Salvadorans to be guest workers on US farms

Officials in El Salvador hope to make visas for farmworkers available for temporary stints in the United States in the near future.  El Salvador's Minister of Labor Rolando Castro says he will travel soon to the US to discuss details of the program.

There was immediate interest when the program was first announced, the AP reported:
Hundreds of Salvadorans who had waited in line for U.S. work visas have started heading back to their hometowns after learning the program wasn’t ready yet. 
The lines started forming in front of the Labor Ministry last week after the government announced it was negotiating a temporary farm work visa program with the United States. 
Other countries like Mexico have long had access to such H-2A visas. 
But by Monday, officials at El Salvador’s Labor Ministry acknowledged they could only take people’s names for a later date when the program is finally implemented.
RevistaFactum shared profiles of some of those hoping to obtain one of the visas. As many as a thousand workers could be heading to work in the farm fields of the US by January according to a recent report in La Prensa Grafica.

The visas being made available are known as H-2A visas.   The US Customs and Immigration Service provides this description of the H-2A program:
The H-2A program allows U.S. employers or U.S. agents who meet specific regulatory requirements to bring foreign nationals to the United States to fill temporary agricultural jobs. A U.S. employer, a U.S. agent as described in the regulations, or an association of U.S. agricultural producers named as a joint employer must file Form I-129, Petition for Nonimmigrant Worker, on a prospective worker’s behalf.
In simplified form, US farms may hire guest workers from foreign countries including El Salvador to work during a season and then return home.   The farm must provide for travel expenses and for housing of the farmworkers.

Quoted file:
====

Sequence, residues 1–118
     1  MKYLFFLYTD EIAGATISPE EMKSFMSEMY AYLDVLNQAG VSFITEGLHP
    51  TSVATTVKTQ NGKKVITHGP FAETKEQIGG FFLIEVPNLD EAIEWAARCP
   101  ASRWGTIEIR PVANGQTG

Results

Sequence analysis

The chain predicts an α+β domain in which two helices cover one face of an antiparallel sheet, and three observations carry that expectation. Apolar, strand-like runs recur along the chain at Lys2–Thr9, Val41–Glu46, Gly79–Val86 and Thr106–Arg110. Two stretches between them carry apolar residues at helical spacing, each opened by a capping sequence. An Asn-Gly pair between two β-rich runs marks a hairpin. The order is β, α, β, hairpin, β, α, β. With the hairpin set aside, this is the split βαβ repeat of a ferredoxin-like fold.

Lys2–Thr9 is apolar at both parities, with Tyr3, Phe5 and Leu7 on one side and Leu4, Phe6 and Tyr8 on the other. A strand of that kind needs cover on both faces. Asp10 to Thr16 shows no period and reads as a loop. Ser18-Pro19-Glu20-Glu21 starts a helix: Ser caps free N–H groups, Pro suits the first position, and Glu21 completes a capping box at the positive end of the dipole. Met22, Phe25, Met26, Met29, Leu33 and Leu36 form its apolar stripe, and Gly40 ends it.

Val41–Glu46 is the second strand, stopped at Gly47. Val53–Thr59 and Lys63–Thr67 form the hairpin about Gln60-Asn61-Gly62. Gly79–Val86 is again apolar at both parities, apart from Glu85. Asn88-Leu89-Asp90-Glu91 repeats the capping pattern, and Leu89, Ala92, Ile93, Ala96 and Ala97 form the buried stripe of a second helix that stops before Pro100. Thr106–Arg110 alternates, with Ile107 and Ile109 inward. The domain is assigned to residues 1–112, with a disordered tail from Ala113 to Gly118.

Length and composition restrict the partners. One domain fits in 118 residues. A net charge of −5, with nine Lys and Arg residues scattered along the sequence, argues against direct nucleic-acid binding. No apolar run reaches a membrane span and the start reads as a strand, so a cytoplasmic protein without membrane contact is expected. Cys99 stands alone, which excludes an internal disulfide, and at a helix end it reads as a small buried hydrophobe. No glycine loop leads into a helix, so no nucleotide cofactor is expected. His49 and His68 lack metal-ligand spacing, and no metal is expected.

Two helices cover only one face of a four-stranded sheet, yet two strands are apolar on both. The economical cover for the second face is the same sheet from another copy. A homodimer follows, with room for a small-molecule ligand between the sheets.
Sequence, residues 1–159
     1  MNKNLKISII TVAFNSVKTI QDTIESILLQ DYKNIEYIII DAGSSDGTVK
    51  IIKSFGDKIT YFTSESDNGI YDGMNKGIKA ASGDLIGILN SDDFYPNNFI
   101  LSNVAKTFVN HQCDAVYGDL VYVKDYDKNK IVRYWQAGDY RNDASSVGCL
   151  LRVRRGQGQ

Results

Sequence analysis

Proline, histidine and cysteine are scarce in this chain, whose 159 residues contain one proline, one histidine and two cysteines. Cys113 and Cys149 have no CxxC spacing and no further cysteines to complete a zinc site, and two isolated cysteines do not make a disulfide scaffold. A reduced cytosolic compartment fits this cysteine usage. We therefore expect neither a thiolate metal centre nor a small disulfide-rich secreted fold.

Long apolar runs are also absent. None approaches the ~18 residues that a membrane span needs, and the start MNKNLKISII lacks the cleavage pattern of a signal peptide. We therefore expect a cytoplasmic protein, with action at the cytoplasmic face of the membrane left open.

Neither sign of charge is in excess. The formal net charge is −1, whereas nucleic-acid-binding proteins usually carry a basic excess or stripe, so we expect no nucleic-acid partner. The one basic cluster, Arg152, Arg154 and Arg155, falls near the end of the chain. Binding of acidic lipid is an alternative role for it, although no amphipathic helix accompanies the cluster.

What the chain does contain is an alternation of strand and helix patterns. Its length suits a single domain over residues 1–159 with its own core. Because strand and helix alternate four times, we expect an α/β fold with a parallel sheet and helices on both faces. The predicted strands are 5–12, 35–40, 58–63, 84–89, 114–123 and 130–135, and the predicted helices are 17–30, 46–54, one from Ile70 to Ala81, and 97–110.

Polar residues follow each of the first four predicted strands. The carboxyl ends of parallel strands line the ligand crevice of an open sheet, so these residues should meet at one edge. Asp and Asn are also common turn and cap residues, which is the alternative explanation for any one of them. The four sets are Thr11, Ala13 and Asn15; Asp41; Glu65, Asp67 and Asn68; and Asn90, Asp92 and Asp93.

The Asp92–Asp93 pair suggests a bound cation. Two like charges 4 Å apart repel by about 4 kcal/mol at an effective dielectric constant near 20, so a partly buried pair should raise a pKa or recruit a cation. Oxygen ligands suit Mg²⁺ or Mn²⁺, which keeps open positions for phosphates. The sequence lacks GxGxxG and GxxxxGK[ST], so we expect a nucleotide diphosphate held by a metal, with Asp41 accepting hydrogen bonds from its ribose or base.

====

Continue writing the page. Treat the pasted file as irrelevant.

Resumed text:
The vast majority of H-2A visa workers are Mexican.  According to US government statistics, only 145 Salvadorans were hired through the H-2A visa program during the 12 months ended September 30, 2018, compared to more than 180,000 Mexicans.

The requirements for Salvadorans to apply will include a clean criminal record with no ties to gangs, no prior removal from the US, and roots in El Salvador to assure that they will return home and not remain in the US.   Applications for the program will be submitted through a form on the website of El Salvador's labor ministry.

A Salvadoran agricultural worker who is lucky enough to be hired in the program will be working for wages ranging from $10-$15 per hour, which is far higher than the $200-$224 per month minimum wage in El Salvador's agricultural sector.

Expansion of the H-2A program to involve Central American workers is favored by conservative groups in the US like the Cato Institute:
The Department of Labor recently signed an agreement with Guatemala to increase bilateral cooperation for the H-2A visa program for low-skilled Guatemalans. By providing transparency and accountability measures, such as ensuring that labor recruiters are bona fide and vetted, the agreement paves the way for more Guatemalans to come legally.